• max_body_bytes: maximum number of bytes that the email body can occupy.

  • in_body_padded: email body content that has been padded to meet the required size for processing.

  • in_body_len_padded_bytes: length of the email body data including the padding.

Here's an example of how you can set up your own circuit:

include "@zk-email/circuits/email-verifier.circom";
include "simple_regex.circom"

template MyCircuit() {
    signal input // inputs from your input.ts file

    // Witnesses and constraints for regex go here

    signal output // output that is public

    component emailVerifier {
 // public inputs are specified here
         } = MyCircuit();
}

Step 4: Compile your circuit

To compile the circuit locally, you need to have Rust and Circom installed first. You can visit this link to install both https://docs.circom.io/getting-started/installation/#installing-dependencies

circom -l node_modules MyCircuit.circom -o --r1cs --wasm --sym --c --O0

Note: You can add -l to specify the directory where the directive include should look for the circuits indicated. For our repo use circom -l node_modules instead of circom. Additionally, we generally recommend using the --O0 flag for optimization during compilation for beginners. However, if you're more experienced with Circom, feel free to use the --O1 flag instead. It's important to avoid using the --O2 flag as that is the default setting and it may lead to the deletion of additional constraints.

After running this command, the circuit will be compiled into a .r1cs file, a .wasm file, and a .sym file. These files are used in the next steps to generate the proving and verifying keys, and to compute the witness.

Step 5: Compute the Witness

The process of creating a proof involves ensuring that all signals in the file adhere to the existing constraints. This is achieved by computing the witness using the Wasm file generated during compilation.

Navigate to the MyCircuit_js file and incorporate the input.json file that was produced in Step 2. Execute the following command in your terminal:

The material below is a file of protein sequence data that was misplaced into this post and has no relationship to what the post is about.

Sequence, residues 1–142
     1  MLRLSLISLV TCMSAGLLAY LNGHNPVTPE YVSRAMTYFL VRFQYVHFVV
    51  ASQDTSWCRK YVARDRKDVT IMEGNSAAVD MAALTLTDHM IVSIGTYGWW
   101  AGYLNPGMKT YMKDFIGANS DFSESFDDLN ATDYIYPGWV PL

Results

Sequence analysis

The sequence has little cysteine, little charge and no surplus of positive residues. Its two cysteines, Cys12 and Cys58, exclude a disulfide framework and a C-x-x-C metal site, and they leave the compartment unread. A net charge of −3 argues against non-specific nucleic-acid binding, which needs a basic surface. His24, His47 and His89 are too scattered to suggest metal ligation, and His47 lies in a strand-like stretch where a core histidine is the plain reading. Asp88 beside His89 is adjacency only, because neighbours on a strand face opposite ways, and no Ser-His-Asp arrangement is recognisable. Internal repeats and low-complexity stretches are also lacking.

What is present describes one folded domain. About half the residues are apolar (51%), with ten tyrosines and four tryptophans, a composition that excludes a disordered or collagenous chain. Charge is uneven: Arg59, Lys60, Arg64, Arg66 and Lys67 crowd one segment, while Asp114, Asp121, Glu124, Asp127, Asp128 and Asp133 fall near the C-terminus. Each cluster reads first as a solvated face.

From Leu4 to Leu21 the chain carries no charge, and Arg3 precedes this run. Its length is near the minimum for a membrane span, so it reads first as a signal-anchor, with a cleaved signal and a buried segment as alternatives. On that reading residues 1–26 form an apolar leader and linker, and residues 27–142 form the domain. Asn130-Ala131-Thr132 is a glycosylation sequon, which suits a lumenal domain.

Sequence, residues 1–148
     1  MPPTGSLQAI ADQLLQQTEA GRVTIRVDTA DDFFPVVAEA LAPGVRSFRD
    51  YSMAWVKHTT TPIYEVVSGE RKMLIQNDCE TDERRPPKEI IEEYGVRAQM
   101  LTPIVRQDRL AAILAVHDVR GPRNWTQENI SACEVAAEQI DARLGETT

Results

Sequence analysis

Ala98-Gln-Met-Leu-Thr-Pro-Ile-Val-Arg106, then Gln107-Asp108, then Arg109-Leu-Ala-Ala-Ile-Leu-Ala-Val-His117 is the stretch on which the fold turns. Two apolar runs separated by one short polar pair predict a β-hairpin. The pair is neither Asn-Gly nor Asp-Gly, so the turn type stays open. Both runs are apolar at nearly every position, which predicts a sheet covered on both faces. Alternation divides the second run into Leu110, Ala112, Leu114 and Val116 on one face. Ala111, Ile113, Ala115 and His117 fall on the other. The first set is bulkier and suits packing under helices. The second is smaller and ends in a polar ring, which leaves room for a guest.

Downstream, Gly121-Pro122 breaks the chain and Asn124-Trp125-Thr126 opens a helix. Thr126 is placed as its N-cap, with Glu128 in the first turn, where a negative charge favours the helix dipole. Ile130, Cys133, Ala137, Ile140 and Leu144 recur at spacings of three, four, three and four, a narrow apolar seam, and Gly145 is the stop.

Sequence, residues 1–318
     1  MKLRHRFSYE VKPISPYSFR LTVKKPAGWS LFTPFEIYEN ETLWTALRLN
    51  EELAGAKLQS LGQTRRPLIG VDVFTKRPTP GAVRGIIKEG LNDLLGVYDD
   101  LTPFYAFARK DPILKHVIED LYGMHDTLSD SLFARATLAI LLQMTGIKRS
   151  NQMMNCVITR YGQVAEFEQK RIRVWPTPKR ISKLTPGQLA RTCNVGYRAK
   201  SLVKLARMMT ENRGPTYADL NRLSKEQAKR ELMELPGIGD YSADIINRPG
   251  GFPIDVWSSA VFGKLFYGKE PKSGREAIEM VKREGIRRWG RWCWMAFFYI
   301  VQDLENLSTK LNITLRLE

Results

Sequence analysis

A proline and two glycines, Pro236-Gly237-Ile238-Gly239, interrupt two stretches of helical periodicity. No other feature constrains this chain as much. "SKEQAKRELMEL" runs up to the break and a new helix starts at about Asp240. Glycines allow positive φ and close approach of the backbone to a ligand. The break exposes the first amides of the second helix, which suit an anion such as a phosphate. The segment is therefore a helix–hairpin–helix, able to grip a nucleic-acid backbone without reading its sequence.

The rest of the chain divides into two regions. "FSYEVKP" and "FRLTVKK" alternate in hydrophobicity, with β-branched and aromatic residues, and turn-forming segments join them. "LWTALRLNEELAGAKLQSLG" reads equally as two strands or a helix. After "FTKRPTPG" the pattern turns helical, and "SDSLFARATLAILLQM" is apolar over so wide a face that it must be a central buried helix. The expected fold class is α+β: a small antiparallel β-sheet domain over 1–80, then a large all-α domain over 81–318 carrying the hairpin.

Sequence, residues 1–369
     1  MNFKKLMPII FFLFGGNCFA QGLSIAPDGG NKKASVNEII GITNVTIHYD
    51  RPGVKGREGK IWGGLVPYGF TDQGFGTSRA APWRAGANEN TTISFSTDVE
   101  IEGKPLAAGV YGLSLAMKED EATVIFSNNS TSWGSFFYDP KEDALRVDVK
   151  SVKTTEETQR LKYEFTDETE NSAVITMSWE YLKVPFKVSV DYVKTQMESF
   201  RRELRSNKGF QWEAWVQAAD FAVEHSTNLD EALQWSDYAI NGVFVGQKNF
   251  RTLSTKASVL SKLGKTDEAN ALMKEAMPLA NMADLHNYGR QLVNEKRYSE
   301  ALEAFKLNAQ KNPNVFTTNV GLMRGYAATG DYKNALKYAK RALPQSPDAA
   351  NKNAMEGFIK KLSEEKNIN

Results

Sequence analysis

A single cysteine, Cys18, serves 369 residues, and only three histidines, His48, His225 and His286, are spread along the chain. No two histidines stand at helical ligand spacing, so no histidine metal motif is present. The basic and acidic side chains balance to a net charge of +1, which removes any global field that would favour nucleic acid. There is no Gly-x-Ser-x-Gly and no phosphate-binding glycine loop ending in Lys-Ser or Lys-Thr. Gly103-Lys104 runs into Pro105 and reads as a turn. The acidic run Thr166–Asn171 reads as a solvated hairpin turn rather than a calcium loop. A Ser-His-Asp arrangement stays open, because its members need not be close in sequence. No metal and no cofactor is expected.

node generate_witness.js myCircuit.wasm input.json witness.wtns

This operation will produce a file named 'witness.wtns'. This file is encoded in a format that is compatible with the snarkjs library. In the following steps, we will utilize snarkJs to initiate the proof creation process.

Step 6: Proving the Circuit

The next step involves using the snarkjs command-line tool to generate the keys and the verifier contract. If you haven't installed snarkjs globally, you can do so by running npm install -g snarkjs.

The generation of the zk proof requires a trusted setup, which includes the powers of tau ceremony and phase 2. Click here to read more about Trusted Setup.

Firstly, you need to determine the constraint size of your circuit. You can do this by running the following command:

snarkjs r1cs info myCircuit.r1cs

Memory Allocation for snarkjs

To avoid out-of-memory errors in snarkjs for large circuits, increase Node.js memory with node --max-old-space-size=<size>, where <size> is in kilobytes.

node --max-old-space-size=614400 ./../node_modules/.bin/snarkjs

Powers of Tau

You can download the ptau file directly from Google Cloud Platform using the following command:

wget https://storage.googleapis.com/zkevm/ptau/powersOfTau28_hez_final_22.ptau

Phase 2

For Phase 2 of the trusted setup you can either use https://docs.circom.io/getting-started/proving-circuits/#phase-2 or P0tion

Step 7: Verify your circuit

After this process you should get three files

  • the proving key(vkey)

  • proof.json

  • public.json

You can use these files to verify your circuit.

Off-chain Verification

To verify your proof run:

snarkjs groth16 verify verification_key.json public.json proof.json

The command uses the files verification_key.json we exported earlier,proof.json and public.json to check if the proof is valid. If the proof is valid, the command outputs an OK.

On-chain Verification

To create a solidity verifier that allows you to verify your proof on the ethereum blockchain, run:

snarkjs zkey export solidityverifier muyCircuit_0001.zkey verifier.sol

This will generate a verifier.sol contract.